As the controversy rages on over Banko Brown being shot and killed over $14 worth of shoplifted items, Supervisor Dean Preston is drafting legislation to prohibit retail security guards from drawing loaded weapons to protect store inventory.

The fallout at Tuesday’s SF Board of Supervisors meeting over the fatal Walgreens shooting of Banko Brown was the supervisors pushing DA Jenkins to release security video of the shooting. (Jenkins has declined to file charges against the security guard who shot Brown over an alleged shoplifting incident.) Since that alleged shoplifting amounted to only $14, Supervisor Dean Preston introduced legislation earlier in Tuesday's meeting to prevent security guards from drawing their loaded weapons at shoplifters.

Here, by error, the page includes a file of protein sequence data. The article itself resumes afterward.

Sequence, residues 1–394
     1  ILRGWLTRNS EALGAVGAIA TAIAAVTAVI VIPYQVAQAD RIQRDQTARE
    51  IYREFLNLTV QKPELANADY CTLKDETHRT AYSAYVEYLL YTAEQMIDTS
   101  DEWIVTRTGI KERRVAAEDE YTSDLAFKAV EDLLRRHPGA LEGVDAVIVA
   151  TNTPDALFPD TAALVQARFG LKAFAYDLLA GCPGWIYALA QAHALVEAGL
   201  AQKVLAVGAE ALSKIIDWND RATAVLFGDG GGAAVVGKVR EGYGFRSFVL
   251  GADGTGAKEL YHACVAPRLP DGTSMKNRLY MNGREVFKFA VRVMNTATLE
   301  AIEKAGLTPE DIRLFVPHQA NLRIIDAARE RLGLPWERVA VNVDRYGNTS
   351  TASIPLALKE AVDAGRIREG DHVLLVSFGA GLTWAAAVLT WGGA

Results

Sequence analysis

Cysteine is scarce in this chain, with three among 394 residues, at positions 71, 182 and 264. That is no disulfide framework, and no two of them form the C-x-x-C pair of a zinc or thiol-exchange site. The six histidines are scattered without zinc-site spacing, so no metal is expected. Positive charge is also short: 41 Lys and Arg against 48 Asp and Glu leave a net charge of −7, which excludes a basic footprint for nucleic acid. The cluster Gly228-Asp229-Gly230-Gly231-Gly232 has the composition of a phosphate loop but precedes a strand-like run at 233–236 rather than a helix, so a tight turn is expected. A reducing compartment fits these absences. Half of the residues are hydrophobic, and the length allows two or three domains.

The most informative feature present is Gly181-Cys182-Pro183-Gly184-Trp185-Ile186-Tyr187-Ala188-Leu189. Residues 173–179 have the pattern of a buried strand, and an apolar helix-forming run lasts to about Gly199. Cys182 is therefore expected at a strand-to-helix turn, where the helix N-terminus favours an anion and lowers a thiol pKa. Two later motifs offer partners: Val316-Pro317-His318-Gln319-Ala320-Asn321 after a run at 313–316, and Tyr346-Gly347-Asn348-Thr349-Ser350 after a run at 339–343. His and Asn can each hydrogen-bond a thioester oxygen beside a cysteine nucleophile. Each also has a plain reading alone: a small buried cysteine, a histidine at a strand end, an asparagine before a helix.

According to Preston, the current city law says security guards may “draw or exhibit, other than in a holster, any handgun in response to an actual and a specific threat to person and/or property.”

“It’s entirely unacceptable that our local law includes drawing a weapon to respond to protecting property,” Preston said at Tuesday’s board meeting. “We need to make sure that our local law is crystal clear that a security guard cannot draw a weapon to protect property.”

“This is a crucial step that our city should take to prevent tragedies like what occurred to Bank Brown,” he added.

The Examiner notes that the state Bureau of Security and Investigative Services Firearms Training Manual from 2022 says that security guards should use draw their weapons only if there is “imminent threat to life,” and “only if there is no other option to the use of deadly force and only if the person has taken all precautions to avoid the use of deadly force.”

Related: Possible Standoff Takes Shape Between DA and SF Supervisors Over Banko Brown Case [SFist]

Image: Joe Kukura, SFist